According to The Houston Chronicle, BP plans to drill the newly approved well in 6,034 feet of water – about 1,000 feet deeper than its doomed Macondo project. Drilling could begin within days using Seadrill’s three-year-old West Sirius semi-submersible rig.
Meanwhile, shrimpers along the Gulf Coast are calling the season the worst in memory. Some fishermen said their catches were off by 80 percent or more.
And while the BP Compensation Fund has paid out nearly $6 billion of the $20 billion escrow account to those harmed by the spill, BP has yet to pay oil spill penalties under the Clean Water Act and other federal regulations. Critics of the fund also note that 300,000 claims have been denied. In the event that the $20 billion has not been paid out by the time the fund expires in August 2013, the balance will be returned to BP.
Stop me if this sounds familiar: Republicans blame Obama for high gas prices, and to blunt their attacks, the President announces a major expansion of offshore oil drilling. That was the scene in March *2010* when Obama proclaimed his support to drill off the Alaska coast, open up the eastern Gulf of Mexico and offshore Virginia. As I wrote at the time, the President’s drilling plan was
intended to blunt expected GOP campaign attacks that Obama the socialist environmentalist has caused gasoline prices to rise $1/gallon since taking office. I see Obama’s move more about controlling the tone of the upcoming mid-term elections . . . After all, analysts are predicting $110/barrel oil by July and the Administration is seeking to head off the GOP hystaria when that happens.
Of course two weeks later the Deepwater Horizon exploded, killing 11 people and unleashing 5 million barrels of oil into the Gulf of Mexico. I wrote that Obama’s earlier pro-drilling stance compromised his credibility. Fast forward to May 2011, and the President simply dusted off his 2010 drilling plan – sans offshore Virginia – and presented it as a “new” energy policy. The President knows that opening these areas to drilling will have an “insignificant” impact on lowering prices and imports. So just as in March 2010, the President’s support of expanded drilling is intended solely to blunt GOP attacks and help Obama frame the election on his terms.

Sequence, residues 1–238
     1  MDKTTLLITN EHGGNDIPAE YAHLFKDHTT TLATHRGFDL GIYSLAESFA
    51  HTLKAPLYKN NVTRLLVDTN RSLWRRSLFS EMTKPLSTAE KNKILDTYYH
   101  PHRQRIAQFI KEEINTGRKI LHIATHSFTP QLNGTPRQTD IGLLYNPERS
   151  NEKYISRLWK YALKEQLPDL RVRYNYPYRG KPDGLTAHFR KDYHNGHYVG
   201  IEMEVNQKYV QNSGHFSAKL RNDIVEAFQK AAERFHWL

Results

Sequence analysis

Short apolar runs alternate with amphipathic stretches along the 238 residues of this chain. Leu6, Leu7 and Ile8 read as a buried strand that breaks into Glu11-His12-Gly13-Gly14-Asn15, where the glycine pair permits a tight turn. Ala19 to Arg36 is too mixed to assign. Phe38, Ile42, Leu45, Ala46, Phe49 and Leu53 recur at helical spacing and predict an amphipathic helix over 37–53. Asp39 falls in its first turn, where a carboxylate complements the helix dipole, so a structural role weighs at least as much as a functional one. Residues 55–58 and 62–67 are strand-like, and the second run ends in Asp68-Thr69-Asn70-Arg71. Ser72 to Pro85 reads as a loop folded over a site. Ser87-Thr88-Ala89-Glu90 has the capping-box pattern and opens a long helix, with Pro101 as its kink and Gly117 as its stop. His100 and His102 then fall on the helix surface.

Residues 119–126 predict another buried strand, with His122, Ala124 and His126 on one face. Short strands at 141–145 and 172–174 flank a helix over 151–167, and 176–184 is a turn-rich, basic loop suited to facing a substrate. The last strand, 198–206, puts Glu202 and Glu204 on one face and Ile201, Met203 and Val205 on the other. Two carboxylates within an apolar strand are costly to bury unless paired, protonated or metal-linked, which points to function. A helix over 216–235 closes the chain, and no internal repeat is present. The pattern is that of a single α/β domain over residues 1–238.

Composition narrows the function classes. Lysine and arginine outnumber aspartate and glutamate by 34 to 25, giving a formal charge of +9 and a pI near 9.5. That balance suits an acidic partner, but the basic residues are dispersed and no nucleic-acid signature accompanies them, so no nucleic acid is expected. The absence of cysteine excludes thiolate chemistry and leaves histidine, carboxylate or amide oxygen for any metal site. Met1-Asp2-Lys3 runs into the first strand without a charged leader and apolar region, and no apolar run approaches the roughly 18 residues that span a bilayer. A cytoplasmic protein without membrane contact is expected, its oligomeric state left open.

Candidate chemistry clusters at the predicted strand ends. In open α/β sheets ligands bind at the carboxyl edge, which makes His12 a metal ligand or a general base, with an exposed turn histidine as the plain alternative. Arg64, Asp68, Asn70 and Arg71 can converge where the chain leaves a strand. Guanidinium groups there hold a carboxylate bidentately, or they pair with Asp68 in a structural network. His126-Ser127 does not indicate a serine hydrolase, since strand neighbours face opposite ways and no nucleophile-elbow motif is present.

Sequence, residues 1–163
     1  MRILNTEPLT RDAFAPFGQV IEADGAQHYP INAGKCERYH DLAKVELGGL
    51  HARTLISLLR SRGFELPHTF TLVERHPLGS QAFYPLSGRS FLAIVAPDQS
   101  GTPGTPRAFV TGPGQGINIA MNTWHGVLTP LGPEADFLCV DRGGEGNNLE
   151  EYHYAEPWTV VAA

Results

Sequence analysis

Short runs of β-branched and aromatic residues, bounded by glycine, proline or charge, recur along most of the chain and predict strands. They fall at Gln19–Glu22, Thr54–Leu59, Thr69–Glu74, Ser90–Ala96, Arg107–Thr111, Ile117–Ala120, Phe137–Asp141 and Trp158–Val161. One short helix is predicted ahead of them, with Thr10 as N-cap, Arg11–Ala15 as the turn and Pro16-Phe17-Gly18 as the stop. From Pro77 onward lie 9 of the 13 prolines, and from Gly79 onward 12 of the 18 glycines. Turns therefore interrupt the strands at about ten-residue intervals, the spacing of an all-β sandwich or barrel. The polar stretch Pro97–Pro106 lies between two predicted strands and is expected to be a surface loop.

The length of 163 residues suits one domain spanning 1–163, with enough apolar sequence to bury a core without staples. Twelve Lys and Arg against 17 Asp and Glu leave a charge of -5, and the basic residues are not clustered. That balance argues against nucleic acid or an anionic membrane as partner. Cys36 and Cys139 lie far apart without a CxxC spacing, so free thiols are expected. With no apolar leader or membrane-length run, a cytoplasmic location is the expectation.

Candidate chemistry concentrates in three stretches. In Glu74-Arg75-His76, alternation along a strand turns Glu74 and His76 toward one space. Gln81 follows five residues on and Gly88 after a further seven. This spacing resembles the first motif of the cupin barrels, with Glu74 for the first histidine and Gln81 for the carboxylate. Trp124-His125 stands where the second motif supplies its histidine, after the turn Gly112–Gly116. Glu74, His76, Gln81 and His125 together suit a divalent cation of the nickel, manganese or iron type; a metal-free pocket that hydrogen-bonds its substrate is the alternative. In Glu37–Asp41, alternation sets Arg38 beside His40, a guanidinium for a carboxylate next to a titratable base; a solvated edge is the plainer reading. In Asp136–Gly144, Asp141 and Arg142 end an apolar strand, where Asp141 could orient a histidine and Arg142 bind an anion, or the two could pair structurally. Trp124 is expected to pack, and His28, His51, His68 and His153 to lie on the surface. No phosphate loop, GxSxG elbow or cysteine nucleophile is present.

But opening more access to drilling before we have passed the comprensive reforms needed after the BP Gulf of Mexico fiasco is a recipie for disaster.
Public Citizen’s energy program have a lot to say about BP one year after the disaster. We have a long history of fighting dirty energy here at Public Citizen so when the spill happened, we unfortunately were not surprised. To us, the spill provided a tragic back drop for us to highlight all that is so wrong with the way we handle safety regulations and energy policy in America.
On the front page of Alternet today, a blog by Tyson Slocum tells of the sad reality: One year later and it’s almost as if the president and Congress have forgotten the Deepwater Horizon Disaster even happened.
Sure, President Barack Obama reshuffled the Department of Interior’s offshore drilling regulators and issued a deepwater drilling moratorium while making small improvements to safety and environmental reviews in response to the disaster. But that’s like rearranging the chairs on the deck of the Titanic. Congress still hasn’t passed a package of basic drilling-related measures that would substantially improve worker and environmental safety. And the oil industry still hasn’t come up with any fail-safe device that works well in deep water.
The questions Slocum poses are critical ones we need to ask ourselves, our family and friends, our representatives and our president as we approach the anniversary of the Deepwater Horizon oil rig explosion tomorrow:
If the 4 million barrels of oil pouring into the Gulf of Mexico didn’t prompt them to act, would 10 million?
If the 87 days of around-the-clock experts failing to plug the oil didn’t trigger change, would 150 days?
If 11 workers killed on the oil rig didn’t spark them to enact reforms, would the deaths of a whole fleet of workers?
Read the full blog post here and be sure to share with friends.